PAD & AED
Southern Tier Health Care System and its STEMS program provide administrative support for the public access defibrillator (PAD) programs in Allegany, Cattaraugus and Chautauqua counties at the request of the Southwestern Regional EMS Council. Contact STEMS for more information at (716)372-0614.
FAQ’s on PAD
What is a PAD program?
A PAD program is established by any business or organization in order to provide an Automated External Defibrillator (AED) for use for or by the public in the event of cardiac arrest. The PAD program requires tracking, training, medical oversight, and quality improvement programs for the business or organization possessing the AED(s). These programs ensure safe and quality care provided to the public by the PAD program.
Any organization, other than certain state certified EMS agencies with AEDs on certified EMS response vehicles, that possesses an AED is considered a PAD under New York State Law. All AEDs not kept on a New York state certified ambulance or New York state certified EMS first response vehicle are PADs This means that these organizations must follow all regulations and register with the state by completing a notice of intent and collaborative agreement with our office. Contact STEMS for information at 716-372-0614.
How do I start a PAD Program?
Any business or organization within our region that is interested in beginning a PAD program should contact STEMS for information on how to do so. There are steps that must be taken to establish a PAD program which are regulated by New York State.
Although the public is now able to obtain an AED for their own person use, an AED which will be used for the public or by the public must be a certified PAD program. The process is neither difficult nor costly (the only costs involved are purchasing and maintaining the AED and training personnel). STEMS encourages ALL fire departments (without a certified EMS or ambulance service), businesses, and organizations to establish a PAD program.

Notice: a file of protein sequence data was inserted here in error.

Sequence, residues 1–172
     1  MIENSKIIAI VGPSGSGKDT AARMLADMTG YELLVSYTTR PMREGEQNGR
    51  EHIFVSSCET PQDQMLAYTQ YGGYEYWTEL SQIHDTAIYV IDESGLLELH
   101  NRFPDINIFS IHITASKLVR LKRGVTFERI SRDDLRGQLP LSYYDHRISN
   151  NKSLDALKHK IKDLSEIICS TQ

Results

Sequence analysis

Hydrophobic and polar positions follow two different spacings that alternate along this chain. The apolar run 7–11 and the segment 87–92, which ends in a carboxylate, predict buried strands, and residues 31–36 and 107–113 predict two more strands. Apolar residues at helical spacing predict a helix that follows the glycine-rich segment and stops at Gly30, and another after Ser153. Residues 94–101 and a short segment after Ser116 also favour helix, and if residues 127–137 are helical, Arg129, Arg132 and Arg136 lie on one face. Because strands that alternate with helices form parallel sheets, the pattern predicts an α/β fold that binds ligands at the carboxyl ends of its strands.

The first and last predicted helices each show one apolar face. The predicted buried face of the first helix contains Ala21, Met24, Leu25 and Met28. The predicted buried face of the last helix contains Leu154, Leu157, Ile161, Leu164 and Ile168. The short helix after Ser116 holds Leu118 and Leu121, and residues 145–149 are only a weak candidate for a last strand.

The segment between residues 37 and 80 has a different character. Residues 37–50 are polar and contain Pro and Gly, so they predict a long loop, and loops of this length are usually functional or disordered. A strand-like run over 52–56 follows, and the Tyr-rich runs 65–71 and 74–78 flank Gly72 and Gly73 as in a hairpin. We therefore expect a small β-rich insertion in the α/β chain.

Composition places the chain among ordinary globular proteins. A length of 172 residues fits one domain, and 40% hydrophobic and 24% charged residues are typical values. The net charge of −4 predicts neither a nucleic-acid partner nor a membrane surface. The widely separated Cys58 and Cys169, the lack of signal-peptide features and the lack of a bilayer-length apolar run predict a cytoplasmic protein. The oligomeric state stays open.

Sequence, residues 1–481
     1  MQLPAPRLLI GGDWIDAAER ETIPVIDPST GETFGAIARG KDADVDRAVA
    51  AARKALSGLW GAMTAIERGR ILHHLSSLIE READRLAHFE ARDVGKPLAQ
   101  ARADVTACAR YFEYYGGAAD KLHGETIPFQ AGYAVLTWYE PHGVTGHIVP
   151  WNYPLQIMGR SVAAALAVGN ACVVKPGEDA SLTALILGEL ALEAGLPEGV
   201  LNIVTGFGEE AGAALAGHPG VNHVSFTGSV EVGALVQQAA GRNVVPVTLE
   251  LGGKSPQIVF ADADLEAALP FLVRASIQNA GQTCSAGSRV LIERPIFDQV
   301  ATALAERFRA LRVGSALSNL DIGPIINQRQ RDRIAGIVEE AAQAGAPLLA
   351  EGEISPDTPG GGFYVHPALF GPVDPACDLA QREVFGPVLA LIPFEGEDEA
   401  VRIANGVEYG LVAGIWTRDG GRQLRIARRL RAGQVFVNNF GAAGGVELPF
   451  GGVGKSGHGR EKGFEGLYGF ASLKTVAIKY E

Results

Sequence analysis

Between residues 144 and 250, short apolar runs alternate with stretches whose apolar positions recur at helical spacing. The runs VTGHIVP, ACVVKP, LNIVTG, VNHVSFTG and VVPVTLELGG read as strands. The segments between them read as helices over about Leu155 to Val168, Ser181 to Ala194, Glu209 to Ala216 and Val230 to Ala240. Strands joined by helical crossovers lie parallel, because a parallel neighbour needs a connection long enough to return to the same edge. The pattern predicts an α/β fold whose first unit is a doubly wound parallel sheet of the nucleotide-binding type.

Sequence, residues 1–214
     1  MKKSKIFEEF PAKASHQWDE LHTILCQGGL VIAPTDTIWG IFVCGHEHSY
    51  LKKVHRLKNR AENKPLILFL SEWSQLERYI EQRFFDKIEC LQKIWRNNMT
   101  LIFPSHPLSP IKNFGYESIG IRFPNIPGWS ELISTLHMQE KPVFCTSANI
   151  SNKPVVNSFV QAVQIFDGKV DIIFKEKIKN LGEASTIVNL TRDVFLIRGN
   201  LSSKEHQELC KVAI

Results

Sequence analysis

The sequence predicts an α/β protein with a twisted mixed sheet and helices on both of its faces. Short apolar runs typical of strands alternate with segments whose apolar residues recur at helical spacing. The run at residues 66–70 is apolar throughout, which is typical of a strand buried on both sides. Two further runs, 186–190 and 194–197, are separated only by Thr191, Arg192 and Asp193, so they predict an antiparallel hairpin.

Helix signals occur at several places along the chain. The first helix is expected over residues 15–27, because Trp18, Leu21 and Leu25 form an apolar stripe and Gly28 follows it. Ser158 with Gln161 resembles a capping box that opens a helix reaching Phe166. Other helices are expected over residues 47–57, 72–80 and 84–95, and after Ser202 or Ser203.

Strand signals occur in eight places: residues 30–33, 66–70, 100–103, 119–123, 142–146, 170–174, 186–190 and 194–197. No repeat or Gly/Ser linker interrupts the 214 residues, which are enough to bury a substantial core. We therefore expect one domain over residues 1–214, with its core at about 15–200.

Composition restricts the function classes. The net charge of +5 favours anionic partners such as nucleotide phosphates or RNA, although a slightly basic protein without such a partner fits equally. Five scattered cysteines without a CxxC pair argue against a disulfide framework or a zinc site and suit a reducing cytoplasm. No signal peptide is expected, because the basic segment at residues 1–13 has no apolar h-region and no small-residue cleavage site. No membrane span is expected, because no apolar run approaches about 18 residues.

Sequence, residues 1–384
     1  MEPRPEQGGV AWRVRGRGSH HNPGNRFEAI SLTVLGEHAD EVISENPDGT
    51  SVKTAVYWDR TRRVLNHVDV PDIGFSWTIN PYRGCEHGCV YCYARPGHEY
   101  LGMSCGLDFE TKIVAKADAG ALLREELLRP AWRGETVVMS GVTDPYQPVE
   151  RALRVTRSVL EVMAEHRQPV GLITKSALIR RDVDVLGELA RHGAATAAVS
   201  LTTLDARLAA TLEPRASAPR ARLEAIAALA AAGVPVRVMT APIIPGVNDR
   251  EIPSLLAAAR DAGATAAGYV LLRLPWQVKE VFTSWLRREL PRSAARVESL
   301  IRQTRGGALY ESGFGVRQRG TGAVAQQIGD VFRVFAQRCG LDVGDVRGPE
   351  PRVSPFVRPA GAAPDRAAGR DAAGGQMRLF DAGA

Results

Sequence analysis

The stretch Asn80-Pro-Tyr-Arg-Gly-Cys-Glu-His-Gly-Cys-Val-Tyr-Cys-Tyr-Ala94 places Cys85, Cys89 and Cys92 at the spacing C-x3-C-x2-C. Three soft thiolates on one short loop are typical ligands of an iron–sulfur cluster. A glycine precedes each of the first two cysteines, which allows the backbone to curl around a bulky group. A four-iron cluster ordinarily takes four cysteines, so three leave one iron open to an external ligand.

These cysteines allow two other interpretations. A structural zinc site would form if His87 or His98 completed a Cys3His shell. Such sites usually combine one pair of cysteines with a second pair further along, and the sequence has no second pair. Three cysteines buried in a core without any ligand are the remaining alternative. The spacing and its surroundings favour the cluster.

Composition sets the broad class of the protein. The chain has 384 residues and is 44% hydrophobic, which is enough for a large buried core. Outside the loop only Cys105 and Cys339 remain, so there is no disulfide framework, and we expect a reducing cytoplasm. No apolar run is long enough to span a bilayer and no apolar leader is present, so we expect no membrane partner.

The more AEDs available to the public, the higher the likelihood of saving a cardiac arrest patient's life. The life saved by a PAD could be your friend's, your family member's or even your own. Contact STEMS for information at 716-372-0614.
Information for current PAD Programs:
If your organization currently has a PAD and you want information on what you should be doing please contact STEMS
Changes to your PAD program. When changes are made to your PAD program the notice of intent and collaborative agreement must be updated. Such changes include a change in medical director or emergency health care provider (EHCP), number of AEDs, training used, number of trained personnel, location of PAD(s), or contact information.
Medical director or EHCP. Keep in contact with your medical director or EHCP by sending a report every time the PAD is deployed. The organization should also contact the medical director or EHCP on a regular basis to obtain new CPR and AED guidelines and ask questions regarding PAD use and training.
Training. Continue training and retraining your personnel as required by the approved PAD training course your program has chosen.
Notify 9-1-1 and EMS. Be sure your local 9-1-1 dispatch center and ambulance service are aware that your organization has a PAD.
Quality Improvement. Participate in the regional quality improvement program whenever the PAD is deployed. Report PAD deployment online by clicking the link above or by clicking here.
Signs. Post a sign at the main entrance of the facility where the PAD is located indicating its location. Southern Tier Health Care System provides these signs free of charge to PAD organizations. If the PAD is located in a vehicle it may be helpful to post a small sign in a window of the vehicle stating that there is an AED on board.
Maintenance. Do not forget to service the PAD regularly, following manufacturer’s guidelines. The time to find out that the AED batteries have died is not in an emergency.
AED Updates. Be sure your AED(s) is up-to-date with current Emergency Cardiovascular Care (ECC) Guidelines and is capable of defibrillating both adult and pediatric patients. Contact your AED manufacturer for assistance.
Policies and Procedures. Update your policies and procedures annually to include a process for each of the following:
Immediate notification of EMS by calling 9-1-1 in the event of an emergency;
Identification of the location of the AED(s) by signs at main entrances;
Routine inspection of the AED(s) as well as regular maintenance which meets or exceeds the manufacturer’s recommendations;
Meet requirements for proper incident documentation; and
Ensure participation in the region quality improvement program.
Annual Program Review. Review your entire PAD program and practice your AED deployment process periodically. We recommend that you practice this at least annually or more often as needed.